$

4,518

 

$

1,863

 

Accrued expenses

 

31,753

 

25,487

 

Deferred licensing revenue

 

143

 

143

 

Total current liabilities

 

36,414

 

27,493

 

Deferred licensing revenue, net of current portion

 

1,202

 

1,274

 

Convertible notes, net of discount

 

8,762

 

26,947

 

Other non-current liabilities

 

3,355

 

3,876

 

Derivative liabilities

 

2,070

 

6,564

 

Total liabilities

 

51,803

 

66,154

 

 

 

 

 

 

 

Stockholders’ equity:

 

 

 

 

 

Common stock, $0.001 par value, 130,000,000 shares authorized at June 30, 2015 and December 31, 2014; 48,444,821 and 42,974,463 shares issued and outstanding at June 30, 2015 and December 31, 2014, respectively

 

48

 

43

 

Additional paid-in capital

 

258,202

 

230,122

 

Accumulated other comprehensive loss

 

(151

)

(154

)

Accumulated deficit

 

(155,734

)

(158,657

)

Total stockholders’ equity

 

102,365

 

71,354

 

 

 

 

 

 

 

Total liabilities and stockholders’ equity

 

$

154,168

 

$

137,508

 

 

See accompanying notes.

 

1



Table of Contents

 

Supernus Pharmaceuticals, Inc.

Consolidated Statements of Operations

(in thousands, except share and per share data)

 

 

 

Three Months ended June 30,

 

Six Months ended June 30,

 

 

 

2015

 

2014

 

2015

 

2014

 

 

 

(unaudited)

 

(unaudited)

 

Revenue

 

 

 

 

 

 

 

 

 

Net product sales

 

$

34,266

 

$

27,609

 

$

62,363

 

$

36,604

 

Licensing revenue

 

786

 

2,066

 

822

 

2,152

 

 

 

 

 

 

 

 

 

 

 

Total revenue

 

35,052

 

29,675

 

63,185

 

38,756

 

 

 

 

 

 

 

 

 

 

 

Costs and expenses

 

 

 

 

 

 

 

 

 

Cost of product sales

 

1,762

 

1,661

 

3,380

 

2,155

 

Research and development

 

6,878

 

4,677

 

10,561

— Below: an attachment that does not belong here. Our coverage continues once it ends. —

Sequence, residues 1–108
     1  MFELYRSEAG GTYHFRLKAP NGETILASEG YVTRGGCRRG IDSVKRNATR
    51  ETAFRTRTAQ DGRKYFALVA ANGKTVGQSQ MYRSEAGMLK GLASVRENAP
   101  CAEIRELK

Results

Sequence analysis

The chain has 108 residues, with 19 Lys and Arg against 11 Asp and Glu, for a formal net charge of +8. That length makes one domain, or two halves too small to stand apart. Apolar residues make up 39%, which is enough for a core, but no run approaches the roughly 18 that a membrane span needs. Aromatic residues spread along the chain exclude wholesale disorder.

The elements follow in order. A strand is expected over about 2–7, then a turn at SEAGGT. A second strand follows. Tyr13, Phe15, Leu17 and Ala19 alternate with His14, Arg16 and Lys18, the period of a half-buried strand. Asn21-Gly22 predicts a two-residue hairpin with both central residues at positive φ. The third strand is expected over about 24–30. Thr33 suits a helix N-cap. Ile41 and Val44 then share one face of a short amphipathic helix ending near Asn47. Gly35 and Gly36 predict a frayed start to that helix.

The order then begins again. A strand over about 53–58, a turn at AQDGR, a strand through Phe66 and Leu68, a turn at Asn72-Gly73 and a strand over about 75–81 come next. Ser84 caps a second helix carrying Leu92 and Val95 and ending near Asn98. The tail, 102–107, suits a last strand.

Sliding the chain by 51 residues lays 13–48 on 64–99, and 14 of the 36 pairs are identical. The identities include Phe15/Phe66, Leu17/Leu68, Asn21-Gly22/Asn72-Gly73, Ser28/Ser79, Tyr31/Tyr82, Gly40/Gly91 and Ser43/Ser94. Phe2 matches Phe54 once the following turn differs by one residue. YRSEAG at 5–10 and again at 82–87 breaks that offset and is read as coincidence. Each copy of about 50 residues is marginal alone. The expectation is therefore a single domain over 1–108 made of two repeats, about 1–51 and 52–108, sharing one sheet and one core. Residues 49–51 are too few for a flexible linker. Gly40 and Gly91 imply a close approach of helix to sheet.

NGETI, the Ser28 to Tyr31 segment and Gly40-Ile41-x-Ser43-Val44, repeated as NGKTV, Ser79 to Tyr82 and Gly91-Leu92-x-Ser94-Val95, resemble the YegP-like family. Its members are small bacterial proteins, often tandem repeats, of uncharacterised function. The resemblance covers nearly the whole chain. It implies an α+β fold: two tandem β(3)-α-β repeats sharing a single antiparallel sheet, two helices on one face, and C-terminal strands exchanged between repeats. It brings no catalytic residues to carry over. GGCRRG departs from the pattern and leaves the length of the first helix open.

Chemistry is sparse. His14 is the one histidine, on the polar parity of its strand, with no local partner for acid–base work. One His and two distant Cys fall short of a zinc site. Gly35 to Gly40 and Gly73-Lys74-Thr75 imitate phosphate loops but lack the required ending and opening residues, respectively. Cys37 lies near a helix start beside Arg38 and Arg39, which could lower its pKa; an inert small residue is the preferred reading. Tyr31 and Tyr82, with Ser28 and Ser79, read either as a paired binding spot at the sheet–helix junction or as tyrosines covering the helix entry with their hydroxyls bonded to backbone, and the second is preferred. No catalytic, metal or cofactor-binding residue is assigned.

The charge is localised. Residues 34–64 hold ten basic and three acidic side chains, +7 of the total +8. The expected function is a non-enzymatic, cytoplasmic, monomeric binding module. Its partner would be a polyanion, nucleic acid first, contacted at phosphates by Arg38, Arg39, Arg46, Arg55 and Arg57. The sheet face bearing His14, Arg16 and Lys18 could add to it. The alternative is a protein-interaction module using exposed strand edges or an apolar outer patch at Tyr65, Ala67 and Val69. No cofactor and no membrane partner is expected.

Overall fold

9,159

 

Selling, general and administrative

 

23,336

 

19,581

 

42,737

 

37,109

 

 

 

 

 

 

 

 

 

 

 

Total costs and expenses

 

31,976

 

25,919

 

56,678

 

48,423

 

 

 

 

 

 

 

 

 

 

 

Operating income (loss)

 

3,076

 

3,756

 

6,507

 

(9,667

)

 

 

 

 

 

 

 

 

 

 

Other income (expense)

 

 

 

 

 

 

 

 

 

Interest income

 

137

 

85

 

250

 

187

 

Interest expense

 

(331

)

(1,278

)

(712

)

(2,485

)

Changes in fair value of derivative liabilities

 

1

 

678

 

(48

)

1,355

 

Loss on extinguishment of debt

 

(241

)

(39

)

(2,375

)

(1,732

)

Other income

 

25

 

 

25

 

 

 

 

 

 

 

 

 

 

 

 

Total other income (expense)

 

(409

)

(554

)

(2,860

)

(2,675

)

 

 

 

 

 

 

 

 

 

 

Earnings (loss) before income taxes

 

2,667

 

3,202

 

3,647

 

(12,342

)

 

 

 

 

 

 

 

 

 

 

Income tax expense

 

662

 

 

724

 

 

 

 

 

 

 

 

 

 

 

 

Net income (loss)

 

$

2,005

 

$

3,202

 

$

2,923

 

$

(12,342

)

 

 

 

 

 

 

 

 

 

 

Income (loss) per common share:

 

 

 

 

 

 

 

 

 

Basic

 

$

0.04

 

$

0.08

 

$

0.06

 

$

(0.30

)

Diluted

 

$

0.03

 

$

0.08

 

$

0.06

 

$

(0.30

)

 

 

 

 

 

 

 

 

 

 

Weighted-average number of common shares:

 

 

 

 

 

 

 

 

 

Basic

 

47,911,932

 

42,056,285

 

46,246,866

 

41,595,232

 

Diluted

 

52,273,549

 

42,372,137

 

47,687,992

 

41,595,232

 

 

See accompanying notes.

 

2



Table of Contents

 

Supernus Pharmaceuticals, Inc.

Consolidated Statements of Comprehensive Income (Loss)

(in thousands)

 

 

 

Three Months ended June 30,

 

Six Months ended June 30,

 

 

 

2015

 

2014

 

2015

 

2014

 

 

 

(unaudited)

 

(unaudited)

 

 

 

 

 

 

 

 

 

 

 

Net income (loss)

 

$

2,005

 

$

3,202

 

$

2,923

 

$

(12,342

)

Other comprehensive (loss) income:

 

 

 

 

 

 

 

 

 

Unrealized net (loss) gain on marketable securities

 

(86

)

 

3

 

1

 

Other comprehensive (loss) income:

 

(86

)

 

3

 

1

 

 

 

 

 

 

 

 

 

 

 

Comprehensive income (loss)

 

$

1,919

 

$

3,202

 

$

2,926

 

$

(12,341

)

 

See accompanying notes.

 

3



Table of Contents

 

Supernus Pharmaceuticals, Inc.

Consolidated Statements of Cash Flows

(in thousands)

 

 

 

Six Months ended June 30,

 

 

 

2015

 

2014

 

 

 

(unaudited)

 

Cash flows from operating activities

 

 

 

 

 

Net income (loss)

 

$

2,923

 

$

(12,342

)

 

 

 

 

 

 

Adjustments to reconcile income (loss) from continuing operations to net cash provided by (used in) operating activities:

 

 

 

 

 

Loss on extinguishment of debt

 

2,375

 

1,732

 

Change in fair value of derivative liability